The Chamber of Accounting of Ukraine conducted a check on spending in the penal system of Ukraine and financing of the reform of this system in 2004, and came to the conclusion that the funds were being spent unmethodically and, frequently, not for the purposes stipulated by legislation. In other words, great sums (164.1 million hryvnas, among them 150.8 million hryvnas from the state budget) were spent not on the development and improvement of the system, but, mostly, on its administrative functioning.

At that the conditions of upkeep of convicts were not improved noticeably. The present capacity of penal establishments is 158605 places, but the number of imprisoned is 191241 persons, so the deficit of places for keeping of the convicts in comparison with the available capacity is 20.5%. I want to repeat that these are the official data.

In spite of the deficit of places in investigatory isolation wards (5018 places), not a single place was created during 2004, although the creation of 1250 places was envisaged this year.

Out of 1200 places, which were planned to create for the upkeep of persons condemned to life imprisonment, 1062 places were created in the presence of 1099 condemned of this category.

Repair of 1364 buildings, engineering networks and constructions, objects of the budget sphere was planned, but only 330 objects (24.2%) were repaired.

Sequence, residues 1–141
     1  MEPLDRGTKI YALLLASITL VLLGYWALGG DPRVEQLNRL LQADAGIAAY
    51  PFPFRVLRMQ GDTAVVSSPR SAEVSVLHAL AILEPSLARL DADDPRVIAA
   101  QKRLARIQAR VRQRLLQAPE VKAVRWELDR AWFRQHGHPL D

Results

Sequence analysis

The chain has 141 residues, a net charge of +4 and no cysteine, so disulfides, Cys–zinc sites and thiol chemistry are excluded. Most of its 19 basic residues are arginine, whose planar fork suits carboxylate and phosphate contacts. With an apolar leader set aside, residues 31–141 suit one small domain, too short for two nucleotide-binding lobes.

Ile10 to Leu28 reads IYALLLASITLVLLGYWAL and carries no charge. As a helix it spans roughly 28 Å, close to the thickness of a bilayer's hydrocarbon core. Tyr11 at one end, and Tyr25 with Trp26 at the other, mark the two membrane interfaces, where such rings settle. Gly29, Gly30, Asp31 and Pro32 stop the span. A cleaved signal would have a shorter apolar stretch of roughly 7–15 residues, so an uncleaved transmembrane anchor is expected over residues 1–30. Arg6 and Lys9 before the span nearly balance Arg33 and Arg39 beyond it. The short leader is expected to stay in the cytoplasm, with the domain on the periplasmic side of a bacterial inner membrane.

The question of adequate provision with medical equipment is not solved too. At that, contrary to the demands of Article 16 of the Fundamentals of the Ukrainian legislation on health protection and Resolution of the Cabinet of Ministers No. 765 of 15 July 1997 «On the approval of the Order of state accreditation of health protection establishments», 168 health protection establishments of the Department were not accredited as such establishments and had no accreditation certificate, so they realized their activities without any official recognition of the status of health protection establishments, the conditions for rendering of proper medical-sanitary aid, confirmation of their conformity with the prescribed criteria and guarantees of high quality of professional activities.

The problem of provision with dwelling of workers of the Department was not solved satisfactorily. As many as 2892 families of personnel of the criminal-executive system have no proper dwelling, and more than 1000 flats are suspended in the protracted building.

One should also realize that great sums are spent inefficiently, purchase of goods and services at too high prices, some groceries are purchased without the proper quality certificates and the work of several absolutely unprofitable enterprises is supported.

These figures and facts evidence that the matter is not in money, but in the persons, who spend the money, and the ways, in which this money is spent. Unfortunately, the new Head of State penitentiary department does not improve the situation, but worsens it in some aspects, in particular in the sphere of cooperation with non-governmental organizations, which get less and less opportunities for work in penitentiary establishments.

In fact, this report confirms the presence of inhumane and cruel treatment of prisoners in Ukraine, as well as the lack of  efficient state policy for overcoming of this phenomena.